The test itself was also around four hours (more, if you count the time I had to travel to and from the testing site), so I had to schedule it carefully for a day my husband would be home the whole day. I forgot how intense this kind of testing can be, but it was intense and scary and then they threw a triple parabolic function at me (!) and there were moments I thought I was going to just fail the whole thing. But then my score flashed up at the end, and I realized I had pulled off not just a good enough score, but a pretty darn great score. I felt vindicated and oh, so relieved. There I was, out of school for three years with a brain fried by the all-consuming demands of a baby, yet I had pulled off a score that any student would be proud of. It was a pretty great moment for me.

So, for any other moms out there considering the GRE (or whatever grad-school entrance exam), here are my pieces of advice:

-Get the study aids. I went cover to cover on the Kaplan GRE prep book, plus used flashcards (not Kaplan, I don't remember which brand). I can't say if some are better than others, but anything is better than nothing.
-Give yourself time. I started studying last January, and took the test in May. I was super rusty at first, and it took me time to ease my brain back into working like this. I worked out a loose study schedule and stuck to it. That worked for me.
-Take as many practice tests as you can. There are free ones online (at least for the GRE), plus the ones that came with my study materials. It was good to use a variety, because I found some practice tests to be easier and some to be harder than the actual test turned out to be. And yes, try to take at least one or two practice tests in test conditions (timed, all in one sitting, no interruptions from little people demanding food and entertainment, etc.).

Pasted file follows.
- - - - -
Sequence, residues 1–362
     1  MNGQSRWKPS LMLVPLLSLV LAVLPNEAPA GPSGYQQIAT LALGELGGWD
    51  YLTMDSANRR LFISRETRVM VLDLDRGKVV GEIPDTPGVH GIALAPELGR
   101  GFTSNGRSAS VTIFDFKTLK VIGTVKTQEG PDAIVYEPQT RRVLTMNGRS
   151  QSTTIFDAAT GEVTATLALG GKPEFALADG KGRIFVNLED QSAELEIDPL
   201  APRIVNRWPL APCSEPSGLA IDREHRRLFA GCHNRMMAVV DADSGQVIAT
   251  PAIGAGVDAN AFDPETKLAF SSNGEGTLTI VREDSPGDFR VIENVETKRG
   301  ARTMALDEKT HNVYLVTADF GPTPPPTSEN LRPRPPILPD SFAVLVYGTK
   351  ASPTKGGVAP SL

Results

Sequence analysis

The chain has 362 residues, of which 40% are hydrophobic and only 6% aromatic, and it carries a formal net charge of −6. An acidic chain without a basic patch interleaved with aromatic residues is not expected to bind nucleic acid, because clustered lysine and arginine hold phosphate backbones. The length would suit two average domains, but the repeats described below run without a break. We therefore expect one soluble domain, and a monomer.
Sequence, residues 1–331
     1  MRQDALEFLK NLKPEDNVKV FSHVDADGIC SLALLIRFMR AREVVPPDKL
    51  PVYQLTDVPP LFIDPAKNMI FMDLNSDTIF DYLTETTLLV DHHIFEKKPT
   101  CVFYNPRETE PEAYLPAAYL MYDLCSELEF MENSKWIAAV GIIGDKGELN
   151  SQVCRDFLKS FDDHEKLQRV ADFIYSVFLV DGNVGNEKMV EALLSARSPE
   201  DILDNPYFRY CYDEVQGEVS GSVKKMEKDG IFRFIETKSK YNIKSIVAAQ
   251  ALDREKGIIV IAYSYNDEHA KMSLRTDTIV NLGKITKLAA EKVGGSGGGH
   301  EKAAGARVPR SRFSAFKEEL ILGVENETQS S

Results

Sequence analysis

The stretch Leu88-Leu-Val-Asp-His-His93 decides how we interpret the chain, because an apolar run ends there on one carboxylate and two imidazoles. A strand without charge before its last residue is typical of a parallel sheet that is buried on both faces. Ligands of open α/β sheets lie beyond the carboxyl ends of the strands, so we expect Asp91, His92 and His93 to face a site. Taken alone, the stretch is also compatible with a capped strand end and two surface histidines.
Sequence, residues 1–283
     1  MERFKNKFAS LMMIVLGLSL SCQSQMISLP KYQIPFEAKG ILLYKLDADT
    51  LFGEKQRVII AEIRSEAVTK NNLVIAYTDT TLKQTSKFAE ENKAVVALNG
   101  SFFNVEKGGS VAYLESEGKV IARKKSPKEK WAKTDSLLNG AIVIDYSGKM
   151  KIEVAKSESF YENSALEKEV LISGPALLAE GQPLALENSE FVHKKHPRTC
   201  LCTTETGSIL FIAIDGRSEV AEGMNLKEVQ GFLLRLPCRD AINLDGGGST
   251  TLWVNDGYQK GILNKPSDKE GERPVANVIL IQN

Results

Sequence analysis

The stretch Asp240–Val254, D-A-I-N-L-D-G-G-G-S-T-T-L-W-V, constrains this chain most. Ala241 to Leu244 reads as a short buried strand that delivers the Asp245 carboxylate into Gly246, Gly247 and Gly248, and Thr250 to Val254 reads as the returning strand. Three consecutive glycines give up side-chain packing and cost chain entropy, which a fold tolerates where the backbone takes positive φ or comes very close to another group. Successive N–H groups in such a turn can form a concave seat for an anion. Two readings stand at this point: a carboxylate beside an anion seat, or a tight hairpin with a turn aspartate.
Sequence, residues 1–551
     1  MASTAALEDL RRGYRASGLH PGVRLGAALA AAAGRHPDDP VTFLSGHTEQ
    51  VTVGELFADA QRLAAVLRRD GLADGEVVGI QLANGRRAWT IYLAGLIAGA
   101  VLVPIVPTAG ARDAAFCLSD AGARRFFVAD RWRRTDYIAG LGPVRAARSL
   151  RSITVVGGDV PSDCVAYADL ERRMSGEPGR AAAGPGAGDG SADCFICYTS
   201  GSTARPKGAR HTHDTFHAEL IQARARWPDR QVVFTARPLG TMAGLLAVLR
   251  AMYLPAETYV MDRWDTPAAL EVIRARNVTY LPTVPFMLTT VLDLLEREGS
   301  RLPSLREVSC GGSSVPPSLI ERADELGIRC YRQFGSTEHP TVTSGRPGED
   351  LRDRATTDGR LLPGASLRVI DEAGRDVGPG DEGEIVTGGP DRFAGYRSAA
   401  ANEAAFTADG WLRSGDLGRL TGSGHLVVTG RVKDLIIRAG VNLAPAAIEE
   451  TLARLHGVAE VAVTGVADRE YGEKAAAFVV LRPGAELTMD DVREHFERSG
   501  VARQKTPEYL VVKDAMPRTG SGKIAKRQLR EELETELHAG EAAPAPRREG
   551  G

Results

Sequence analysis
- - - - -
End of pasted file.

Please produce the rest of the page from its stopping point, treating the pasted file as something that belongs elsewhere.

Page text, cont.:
-Figure out a target score. I emailed the admissions people at my school so I knew a base score to work with. It helped to have a goal like that.
-Don't stress too much, and keep a balance. Once upon a time I was a perfectionist student who stressed over getting perfect grades and perfect scores. But I'm a mom now. My family comes first, always, before this dream of grad school. I tried to never let GRE prep get in the way of being a mom.

And to any other moms out there, good luck! It can be done!


  1. I have no idea how you studied for a standardized test with a child! When we were prepping for the LSAT it seemed so consuming and overwhelming. A cute toddler distraction may have pushed me over the edge:)

    1. Yeah, I'm not sure the GRE is quite as intense as the LSAT. Also, I wasn't trying to apply to any kind of impressive program, so that took some stress off of the studying. Also, considering how well you're handling law school with two kids, I'm sure you would've handled LSAT prep with one just fine :)

  2. These are some great tips! Thanks for sharing your in-the-trenches wisdom!